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Miami's Island-Hopping Flying Boats: Indispensable Birds of Paradise : Aviation: For more than 76 years, the fleet of Chalk's seaplanes have been a glamorous, and practical, link between Florida and Bahamian and Caribbean islands.


Its principals are interested in aviation and have nurtured the company. In 1993, Chalk's was licensed as an Federal Aviation Administration repair station. Its workers help seaplane owners from around the world.

The airline also has been granted a license to update G-111 aircraft, known originally as the Grumman Albatross when built for military use. Chalk's owns 12 that have been refitted for passengers.

"Some of them we hope to operate ourselves someday, and others we'll market out and place with other operators," said Lonny McClung, director of aircraft development.

The airline plans to modernize these larger sisters of the Mallards with turbine engines, making them suitable for uses such as reconnaissance, law enforcement, fishing surveillance, or search and rescue.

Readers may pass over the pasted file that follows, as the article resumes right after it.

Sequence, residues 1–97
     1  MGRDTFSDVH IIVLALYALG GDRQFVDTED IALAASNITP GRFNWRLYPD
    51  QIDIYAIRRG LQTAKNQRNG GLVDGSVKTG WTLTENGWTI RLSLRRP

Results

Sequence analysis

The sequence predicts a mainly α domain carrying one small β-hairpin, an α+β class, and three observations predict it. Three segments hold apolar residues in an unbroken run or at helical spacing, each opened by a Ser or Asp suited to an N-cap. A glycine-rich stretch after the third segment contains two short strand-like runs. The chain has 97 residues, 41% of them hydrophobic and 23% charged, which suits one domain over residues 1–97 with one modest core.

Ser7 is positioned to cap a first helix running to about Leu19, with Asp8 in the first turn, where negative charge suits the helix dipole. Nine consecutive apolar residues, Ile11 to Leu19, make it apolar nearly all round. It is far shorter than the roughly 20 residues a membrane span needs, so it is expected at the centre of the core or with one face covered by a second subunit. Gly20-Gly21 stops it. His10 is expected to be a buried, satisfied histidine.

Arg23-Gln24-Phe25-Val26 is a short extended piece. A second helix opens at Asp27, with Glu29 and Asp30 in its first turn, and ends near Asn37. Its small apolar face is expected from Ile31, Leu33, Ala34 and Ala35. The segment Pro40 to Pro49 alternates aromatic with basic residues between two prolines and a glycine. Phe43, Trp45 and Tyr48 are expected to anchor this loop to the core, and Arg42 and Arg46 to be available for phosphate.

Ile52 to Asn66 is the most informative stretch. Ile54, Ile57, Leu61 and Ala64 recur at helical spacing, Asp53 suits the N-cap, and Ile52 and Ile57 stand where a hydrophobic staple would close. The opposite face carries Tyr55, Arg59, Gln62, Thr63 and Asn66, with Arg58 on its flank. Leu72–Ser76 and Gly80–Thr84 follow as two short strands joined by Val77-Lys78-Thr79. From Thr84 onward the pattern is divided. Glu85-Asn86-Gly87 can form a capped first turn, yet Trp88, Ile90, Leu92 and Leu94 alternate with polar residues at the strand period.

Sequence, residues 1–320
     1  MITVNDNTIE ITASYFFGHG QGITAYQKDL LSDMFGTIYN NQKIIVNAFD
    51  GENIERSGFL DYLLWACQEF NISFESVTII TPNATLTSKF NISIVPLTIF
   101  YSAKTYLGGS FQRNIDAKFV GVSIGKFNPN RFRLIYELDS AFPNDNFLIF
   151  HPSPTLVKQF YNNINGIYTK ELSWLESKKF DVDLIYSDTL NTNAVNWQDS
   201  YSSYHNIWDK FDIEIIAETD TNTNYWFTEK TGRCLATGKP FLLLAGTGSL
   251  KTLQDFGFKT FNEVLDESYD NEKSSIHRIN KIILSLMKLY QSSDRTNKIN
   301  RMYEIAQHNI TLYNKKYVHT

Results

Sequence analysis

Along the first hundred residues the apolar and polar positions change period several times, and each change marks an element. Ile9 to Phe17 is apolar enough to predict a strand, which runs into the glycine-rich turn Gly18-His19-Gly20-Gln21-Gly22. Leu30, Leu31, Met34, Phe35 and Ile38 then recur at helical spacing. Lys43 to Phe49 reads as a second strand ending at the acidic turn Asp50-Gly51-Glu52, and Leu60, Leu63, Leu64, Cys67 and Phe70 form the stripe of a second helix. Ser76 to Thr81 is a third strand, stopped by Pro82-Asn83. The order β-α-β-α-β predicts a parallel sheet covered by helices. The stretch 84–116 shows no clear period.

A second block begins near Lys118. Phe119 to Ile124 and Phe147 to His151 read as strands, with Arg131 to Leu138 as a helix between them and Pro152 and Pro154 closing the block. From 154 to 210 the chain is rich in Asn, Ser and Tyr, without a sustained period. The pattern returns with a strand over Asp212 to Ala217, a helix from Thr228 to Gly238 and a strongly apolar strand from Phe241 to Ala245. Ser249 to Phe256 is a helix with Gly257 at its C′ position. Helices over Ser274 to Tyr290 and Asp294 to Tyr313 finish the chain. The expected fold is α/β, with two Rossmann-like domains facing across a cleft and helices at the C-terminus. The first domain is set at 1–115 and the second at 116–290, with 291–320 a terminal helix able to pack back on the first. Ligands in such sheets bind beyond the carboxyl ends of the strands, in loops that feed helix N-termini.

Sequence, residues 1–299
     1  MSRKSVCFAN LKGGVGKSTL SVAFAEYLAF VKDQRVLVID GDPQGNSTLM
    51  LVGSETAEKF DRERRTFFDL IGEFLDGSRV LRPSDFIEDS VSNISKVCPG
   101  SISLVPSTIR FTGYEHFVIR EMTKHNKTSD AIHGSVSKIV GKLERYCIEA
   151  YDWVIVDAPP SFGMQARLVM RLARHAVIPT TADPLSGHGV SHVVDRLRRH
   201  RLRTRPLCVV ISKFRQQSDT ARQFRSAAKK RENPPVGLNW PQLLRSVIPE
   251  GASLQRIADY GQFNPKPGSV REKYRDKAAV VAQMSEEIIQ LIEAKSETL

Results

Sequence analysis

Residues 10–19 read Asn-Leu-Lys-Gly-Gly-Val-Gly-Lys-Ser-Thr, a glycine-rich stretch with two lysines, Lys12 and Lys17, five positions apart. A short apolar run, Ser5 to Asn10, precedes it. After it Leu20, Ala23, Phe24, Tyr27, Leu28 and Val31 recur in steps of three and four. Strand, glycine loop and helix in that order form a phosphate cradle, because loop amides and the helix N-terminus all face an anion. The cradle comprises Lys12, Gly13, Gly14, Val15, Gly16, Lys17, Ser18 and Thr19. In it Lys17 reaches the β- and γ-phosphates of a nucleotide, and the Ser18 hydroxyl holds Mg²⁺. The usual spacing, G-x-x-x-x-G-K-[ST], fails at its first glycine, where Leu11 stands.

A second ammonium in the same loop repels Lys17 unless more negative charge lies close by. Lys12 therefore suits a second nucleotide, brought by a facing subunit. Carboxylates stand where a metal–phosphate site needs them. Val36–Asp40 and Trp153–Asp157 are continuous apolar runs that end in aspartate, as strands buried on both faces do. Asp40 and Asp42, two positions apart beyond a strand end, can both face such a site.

"In Vietnam and Korea, a lot of fliers' lives were saved with these planes," Jones said.

They are literally flying boats--not airplanes stuck on floats--with hulls designed so they raise up like racing boats just before takeoff.

Chalk's seaplanes have appeared on television shows such as "Miami Vice," in movies, music videos and commercials. They're also popular with fashion photographers.

Klaus Dieter Martin, 31, a pilot for the German airline LTU, took his family to Bimini for the day.

"I just actually wanted to fly in the plane," he said. He and his 4-year-old son, Pascal, watched as the Sunset Express rolled into the water for another takeoff.

The Mallard's engines growled as it headed for the sea, thrilling Pascal. The two gazed after it until it was out of sight.

"Beauty--she really is," Martin said.

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